than one of its parts".>>

I do hope you set him straight!

<< In class, we were exploring the idea of negative

numbers using a "number-line" showing positive whole numbers going in

one direction ( +1, +2, +3, +4 ...->>), and negative whole numbers in

the opposite direction (<<-...-4, -3, -2, -1), from a central zero. We

were discussing the key idea that a negative number (however far away

from zero) is smaller than any positive number, this being indicated

under the number-line by an arrow labelled "smaller" pointing in the

direction from positive to negative. Above the number-line, another

arrow labelled "greater", pointed in the opposite direction. Peter

correctly observed that since -3 = -1 + -2, and, since -3 is the

smallest number of these, that therefore the whole (-3) is ***smaller***

than one of its parts (-1). >>

You ought to have commended him for being clever, but pointed out that he is

nonetheless, of course, quite wrong. Wrong, logically speaking, because

guilty of a fundamental fallacy, that of a surreptitious four-term syllogism

(an absolute no-no for correct logical thinking, in any domain), resulting

from a term ("whole") used equivocally in his implicit argument. When I said

before that the subject and predicate have to be clearly understood as a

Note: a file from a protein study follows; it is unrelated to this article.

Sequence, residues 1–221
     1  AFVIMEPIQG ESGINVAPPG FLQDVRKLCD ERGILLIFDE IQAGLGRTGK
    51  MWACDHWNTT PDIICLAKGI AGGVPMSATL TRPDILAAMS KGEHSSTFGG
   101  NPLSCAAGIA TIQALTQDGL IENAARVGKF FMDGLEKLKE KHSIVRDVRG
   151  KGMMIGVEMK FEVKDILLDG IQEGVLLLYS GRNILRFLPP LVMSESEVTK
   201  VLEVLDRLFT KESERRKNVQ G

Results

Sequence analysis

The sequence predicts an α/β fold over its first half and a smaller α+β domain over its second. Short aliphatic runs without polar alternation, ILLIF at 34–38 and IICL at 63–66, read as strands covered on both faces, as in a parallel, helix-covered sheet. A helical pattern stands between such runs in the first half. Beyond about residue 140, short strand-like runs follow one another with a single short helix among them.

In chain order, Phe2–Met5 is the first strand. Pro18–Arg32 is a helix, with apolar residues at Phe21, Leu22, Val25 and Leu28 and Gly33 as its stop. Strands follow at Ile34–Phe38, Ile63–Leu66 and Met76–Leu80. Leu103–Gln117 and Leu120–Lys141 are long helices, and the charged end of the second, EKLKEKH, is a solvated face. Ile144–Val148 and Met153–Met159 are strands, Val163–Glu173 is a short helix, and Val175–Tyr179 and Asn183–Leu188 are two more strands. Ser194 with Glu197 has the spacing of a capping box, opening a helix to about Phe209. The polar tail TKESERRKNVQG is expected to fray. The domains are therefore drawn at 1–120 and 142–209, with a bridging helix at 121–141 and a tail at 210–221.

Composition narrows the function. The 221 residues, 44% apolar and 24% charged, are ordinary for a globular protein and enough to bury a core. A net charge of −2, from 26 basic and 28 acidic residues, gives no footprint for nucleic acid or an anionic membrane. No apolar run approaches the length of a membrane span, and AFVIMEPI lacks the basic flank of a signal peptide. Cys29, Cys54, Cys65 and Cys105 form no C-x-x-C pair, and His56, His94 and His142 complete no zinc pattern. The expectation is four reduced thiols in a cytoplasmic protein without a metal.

prerequisite for seeing the truth of a self-evident proposition, I meant,

among other things, the removal of all such equivocities, and hence too,

clarity regarding the question of "what paradigm of thought is being used",

as you describe it. Peter would then have received a proper lesson in the

difference between being merely clever and being wise.

Since I take it you do, after all, have a logical mind, I am confident that

you will see the pertinence of the above to the remainder of your post as

well.

Leonard Maluf

Synoptic-L Homepage: http://www.bham.ac.uk/theology/synoptic-l

List Owner: Synoptic-L-Owner@... - Brian Wilson wrote --
>

Jeffery Hodges commented --

>When I was teaching mathematics in ... class, we were exploring the

>idea of negative numbers using a "number-line" .... We were discussing

>the key idea that a negative number (however far away from zero) is

>smaller than any positive number, this being indicated under the

>number-line by an arrow labelled "smaller" pointing in the direction

>from positive to negative. Above the number-line, another arrow